Vampires, Adler, and Kilgore Trout
The Adler in question is Margot Adler, author of DRAWING DOWN THE MOON, National Public Radio correspondent, and granddaughter of psychotherapy pioneer Alfred Adler, who gave a lecture yesterday (Monday) evening on . . . vampires. More properly, she spoke on the continuing prevalence of vampires in popular culture and how it relates to moral struggles. The talk was interesting — it ain’t all sex or even mortality, but more a question of use and misuse of power which Adler saw relating, since the late 1960s, increasingly toward misuse of the Earth itself. If vampirism is a blood addiction, to what extent is our modern civilization, with its addiction to oil, a society of vampires? Thus the moral choice, to abuse or abstain. But also — and this is more for the future, an aspect she says she’s only beginning to explore herself — can one find beyond that a spiritual dimension as well?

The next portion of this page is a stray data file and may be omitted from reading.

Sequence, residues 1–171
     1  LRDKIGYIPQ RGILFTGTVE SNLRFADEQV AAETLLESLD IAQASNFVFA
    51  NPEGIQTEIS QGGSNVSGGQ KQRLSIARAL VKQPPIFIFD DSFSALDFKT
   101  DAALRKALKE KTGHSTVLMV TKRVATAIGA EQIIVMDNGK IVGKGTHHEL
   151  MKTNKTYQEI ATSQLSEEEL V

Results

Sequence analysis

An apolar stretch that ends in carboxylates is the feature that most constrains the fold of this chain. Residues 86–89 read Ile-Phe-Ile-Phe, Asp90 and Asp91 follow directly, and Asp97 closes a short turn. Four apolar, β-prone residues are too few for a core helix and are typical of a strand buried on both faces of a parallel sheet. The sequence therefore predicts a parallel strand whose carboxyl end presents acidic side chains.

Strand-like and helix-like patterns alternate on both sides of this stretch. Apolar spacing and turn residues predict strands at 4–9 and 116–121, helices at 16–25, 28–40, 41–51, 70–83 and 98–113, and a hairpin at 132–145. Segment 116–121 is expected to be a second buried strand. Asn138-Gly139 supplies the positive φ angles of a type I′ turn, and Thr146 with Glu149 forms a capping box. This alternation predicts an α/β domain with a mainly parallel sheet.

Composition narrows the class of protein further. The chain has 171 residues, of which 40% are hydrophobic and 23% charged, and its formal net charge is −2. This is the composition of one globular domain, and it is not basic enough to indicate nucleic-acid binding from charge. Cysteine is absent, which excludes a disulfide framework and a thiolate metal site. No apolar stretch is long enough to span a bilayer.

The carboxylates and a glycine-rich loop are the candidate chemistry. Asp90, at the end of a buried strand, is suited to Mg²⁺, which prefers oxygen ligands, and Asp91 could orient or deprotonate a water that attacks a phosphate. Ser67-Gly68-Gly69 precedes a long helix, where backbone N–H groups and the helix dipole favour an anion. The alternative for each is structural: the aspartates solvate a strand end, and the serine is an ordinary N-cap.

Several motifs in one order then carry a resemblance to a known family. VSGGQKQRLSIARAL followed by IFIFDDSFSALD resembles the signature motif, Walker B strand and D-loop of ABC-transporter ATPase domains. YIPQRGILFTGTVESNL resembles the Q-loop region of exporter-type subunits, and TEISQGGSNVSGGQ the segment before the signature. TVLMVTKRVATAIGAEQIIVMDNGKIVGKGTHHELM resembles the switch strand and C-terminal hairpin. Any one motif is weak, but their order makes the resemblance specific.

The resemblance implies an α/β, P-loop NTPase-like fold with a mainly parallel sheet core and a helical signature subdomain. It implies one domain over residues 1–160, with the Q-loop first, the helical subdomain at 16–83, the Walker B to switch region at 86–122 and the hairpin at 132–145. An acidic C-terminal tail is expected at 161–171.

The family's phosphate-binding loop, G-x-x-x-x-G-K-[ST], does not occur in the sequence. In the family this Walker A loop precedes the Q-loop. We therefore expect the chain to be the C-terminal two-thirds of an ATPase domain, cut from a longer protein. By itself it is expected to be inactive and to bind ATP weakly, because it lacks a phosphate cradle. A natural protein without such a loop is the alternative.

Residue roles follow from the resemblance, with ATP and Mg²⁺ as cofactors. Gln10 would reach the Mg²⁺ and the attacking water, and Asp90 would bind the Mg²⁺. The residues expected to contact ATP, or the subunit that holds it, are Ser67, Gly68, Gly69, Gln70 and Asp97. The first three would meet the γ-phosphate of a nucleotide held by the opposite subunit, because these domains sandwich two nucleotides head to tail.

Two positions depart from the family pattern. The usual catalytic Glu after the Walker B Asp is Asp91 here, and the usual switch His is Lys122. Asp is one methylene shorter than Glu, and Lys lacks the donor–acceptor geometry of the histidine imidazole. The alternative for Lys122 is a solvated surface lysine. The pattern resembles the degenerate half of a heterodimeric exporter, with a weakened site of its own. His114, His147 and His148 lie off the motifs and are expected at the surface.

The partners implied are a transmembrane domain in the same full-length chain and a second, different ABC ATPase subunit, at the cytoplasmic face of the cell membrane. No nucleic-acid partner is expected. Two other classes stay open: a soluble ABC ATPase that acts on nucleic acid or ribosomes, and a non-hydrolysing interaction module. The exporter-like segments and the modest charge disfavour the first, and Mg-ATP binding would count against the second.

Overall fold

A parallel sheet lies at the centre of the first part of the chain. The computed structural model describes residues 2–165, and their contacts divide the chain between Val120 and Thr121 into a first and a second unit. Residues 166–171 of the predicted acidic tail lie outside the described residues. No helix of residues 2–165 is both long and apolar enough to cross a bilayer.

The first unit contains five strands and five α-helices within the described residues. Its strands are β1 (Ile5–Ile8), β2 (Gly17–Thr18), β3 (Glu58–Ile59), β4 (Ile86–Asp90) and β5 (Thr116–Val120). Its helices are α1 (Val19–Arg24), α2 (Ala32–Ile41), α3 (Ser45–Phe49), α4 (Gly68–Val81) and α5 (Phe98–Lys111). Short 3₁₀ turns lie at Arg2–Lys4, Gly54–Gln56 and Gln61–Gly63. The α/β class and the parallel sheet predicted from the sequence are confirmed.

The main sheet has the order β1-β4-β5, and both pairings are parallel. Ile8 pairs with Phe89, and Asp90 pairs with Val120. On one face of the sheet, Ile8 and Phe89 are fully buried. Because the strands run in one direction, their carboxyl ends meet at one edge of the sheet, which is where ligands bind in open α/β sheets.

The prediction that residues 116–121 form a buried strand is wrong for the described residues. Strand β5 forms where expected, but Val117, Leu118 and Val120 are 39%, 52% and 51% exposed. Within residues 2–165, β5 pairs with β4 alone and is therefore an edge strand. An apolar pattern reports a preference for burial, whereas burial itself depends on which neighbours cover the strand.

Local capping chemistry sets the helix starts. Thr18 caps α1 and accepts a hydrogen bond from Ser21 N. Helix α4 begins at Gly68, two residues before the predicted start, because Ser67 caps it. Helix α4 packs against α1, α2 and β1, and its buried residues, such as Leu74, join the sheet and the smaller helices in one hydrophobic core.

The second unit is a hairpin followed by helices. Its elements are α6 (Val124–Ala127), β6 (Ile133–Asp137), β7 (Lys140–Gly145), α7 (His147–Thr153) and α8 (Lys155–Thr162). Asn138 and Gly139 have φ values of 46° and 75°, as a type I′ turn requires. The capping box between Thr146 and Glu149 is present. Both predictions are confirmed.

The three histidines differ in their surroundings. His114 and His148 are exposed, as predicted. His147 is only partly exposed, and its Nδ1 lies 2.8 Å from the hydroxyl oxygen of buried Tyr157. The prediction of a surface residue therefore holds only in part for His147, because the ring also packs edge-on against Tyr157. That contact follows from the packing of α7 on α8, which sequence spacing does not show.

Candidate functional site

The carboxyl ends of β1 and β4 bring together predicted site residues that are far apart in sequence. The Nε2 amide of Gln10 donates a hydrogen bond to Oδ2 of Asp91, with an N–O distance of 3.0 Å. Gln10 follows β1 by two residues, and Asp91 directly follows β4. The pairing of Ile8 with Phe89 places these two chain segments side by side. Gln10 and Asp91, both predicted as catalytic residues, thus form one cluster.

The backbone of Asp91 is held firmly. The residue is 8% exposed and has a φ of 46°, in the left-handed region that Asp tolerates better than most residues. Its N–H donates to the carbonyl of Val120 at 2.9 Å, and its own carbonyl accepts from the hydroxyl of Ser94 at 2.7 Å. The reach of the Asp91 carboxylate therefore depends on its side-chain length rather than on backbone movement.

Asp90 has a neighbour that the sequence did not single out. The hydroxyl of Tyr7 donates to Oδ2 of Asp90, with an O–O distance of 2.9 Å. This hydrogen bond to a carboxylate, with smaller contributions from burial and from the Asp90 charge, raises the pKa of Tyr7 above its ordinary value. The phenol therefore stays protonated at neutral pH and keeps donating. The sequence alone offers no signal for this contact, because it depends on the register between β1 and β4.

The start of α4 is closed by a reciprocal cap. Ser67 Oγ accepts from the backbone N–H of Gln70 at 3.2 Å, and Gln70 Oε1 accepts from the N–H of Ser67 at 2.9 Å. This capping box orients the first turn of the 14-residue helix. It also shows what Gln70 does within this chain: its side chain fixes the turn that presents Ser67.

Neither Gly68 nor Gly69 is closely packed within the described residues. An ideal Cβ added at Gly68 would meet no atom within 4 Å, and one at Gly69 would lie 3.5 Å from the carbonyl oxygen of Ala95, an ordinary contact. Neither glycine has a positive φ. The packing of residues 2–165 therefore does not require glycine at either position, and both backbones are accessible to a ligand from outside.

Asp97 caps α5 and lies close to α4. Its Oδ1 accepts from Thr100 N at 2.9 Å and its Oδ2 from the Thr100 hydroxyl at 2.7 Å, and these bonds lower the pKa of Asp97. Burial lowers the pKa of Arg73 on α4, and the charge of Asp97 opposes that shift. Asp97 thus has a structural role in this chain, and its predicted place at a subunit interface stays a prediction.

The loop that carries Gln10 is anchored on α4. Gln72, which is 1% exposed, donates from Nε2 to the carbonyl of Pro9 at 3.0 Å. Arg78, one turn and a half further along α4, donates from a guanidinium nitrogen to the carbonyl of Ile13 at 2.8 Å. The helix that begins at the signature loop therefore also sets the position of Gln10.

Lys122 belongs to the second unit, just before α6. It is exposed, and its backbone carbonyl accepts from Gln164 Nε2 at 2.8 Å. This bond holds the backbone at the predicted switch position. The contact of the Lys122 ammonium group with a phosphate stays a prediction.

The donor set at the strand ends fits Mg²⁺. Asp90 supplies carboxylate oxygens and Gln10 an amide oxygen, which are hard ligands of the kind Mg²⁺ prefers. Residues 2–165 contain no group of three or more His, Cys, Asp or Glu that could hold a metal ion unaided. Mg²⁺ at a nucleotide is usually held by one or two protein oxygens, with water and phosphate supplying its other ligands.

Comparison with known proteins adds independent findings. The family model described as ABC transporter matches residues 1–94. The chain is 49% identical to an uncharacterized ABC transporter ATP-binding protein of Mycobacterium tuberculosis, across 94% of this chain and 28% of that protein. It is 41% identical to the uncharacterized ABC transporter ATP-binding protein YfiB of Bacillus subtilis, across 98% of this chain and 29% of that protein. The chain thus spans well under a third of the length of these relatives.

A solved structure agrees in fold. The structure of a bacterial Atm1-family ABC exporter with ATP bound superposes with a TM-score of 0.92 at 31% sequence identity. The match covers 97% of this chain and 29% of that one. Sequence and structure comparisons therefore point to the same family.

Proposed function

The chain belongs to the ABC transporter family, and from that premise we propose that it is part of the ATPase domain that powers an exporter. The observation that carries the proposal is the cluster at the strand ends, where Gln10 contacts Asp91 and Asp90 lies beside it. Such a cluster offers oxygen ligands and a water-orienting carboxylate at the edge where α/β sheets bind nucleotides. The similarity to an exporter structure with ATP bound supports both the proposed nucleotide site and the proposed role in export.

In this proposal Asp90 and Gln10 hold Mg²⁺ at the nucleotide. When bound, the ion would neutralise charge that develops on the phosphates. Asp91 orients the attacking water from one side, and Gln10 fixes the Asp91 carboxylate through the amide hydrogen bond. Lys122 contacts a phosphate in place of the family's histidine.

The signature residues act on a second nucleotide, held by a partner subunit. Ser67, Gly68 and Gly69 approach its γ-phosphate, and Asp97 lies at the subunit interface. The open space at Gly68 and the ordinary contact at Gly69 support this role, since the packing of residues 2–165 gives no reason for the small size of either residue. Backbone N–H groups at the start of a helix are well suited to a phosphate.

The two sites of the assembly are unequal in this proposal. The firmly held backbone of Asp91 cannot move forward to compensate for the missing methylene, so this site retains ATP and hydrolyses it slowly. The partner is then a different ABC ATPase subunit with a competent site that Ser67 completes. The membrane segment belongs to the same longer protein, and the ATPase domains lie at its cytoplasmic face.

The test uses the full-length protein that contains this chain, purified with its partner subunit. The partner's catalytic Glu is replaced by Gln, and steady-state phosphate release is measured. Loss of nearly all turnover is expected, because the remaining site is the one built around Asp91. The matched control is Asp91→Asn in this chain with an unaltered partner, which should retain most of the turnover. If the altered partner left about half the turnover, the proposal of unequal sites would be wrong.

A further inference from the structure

These are things writers can struggle with (and as a result, for me, perhaps not all that ground shaking in its conclusions, but still interesting in Adler’s approach). If the vampire does not have at least moral qualms, can it still hold interest as a character, or does it become simply a monster, a hazard that’s there for no other reason than to be escaped or destroyed? For writers also, though, Perpetual Motion Machine Publishing Editor/Publisher Max Booth III has proposed a contest. He harks to the memory of Kilgore Trout, the fictional science fiction writer who pops up from time to time in Kurt Vonnegut’s novels, and challenges readers to write an excerpt from one of Trout’s “own” works, the best and/or worst of which will win copies (one hard copy and two electronic editions are offered as prizes) of the Vonnegut tribute anthology SO IT GOES (see below March 2, et al.). The deadline for this is March 25, with more information available through the SO IT GOES website, linked to in the March 2 posting, or directly by pressing here.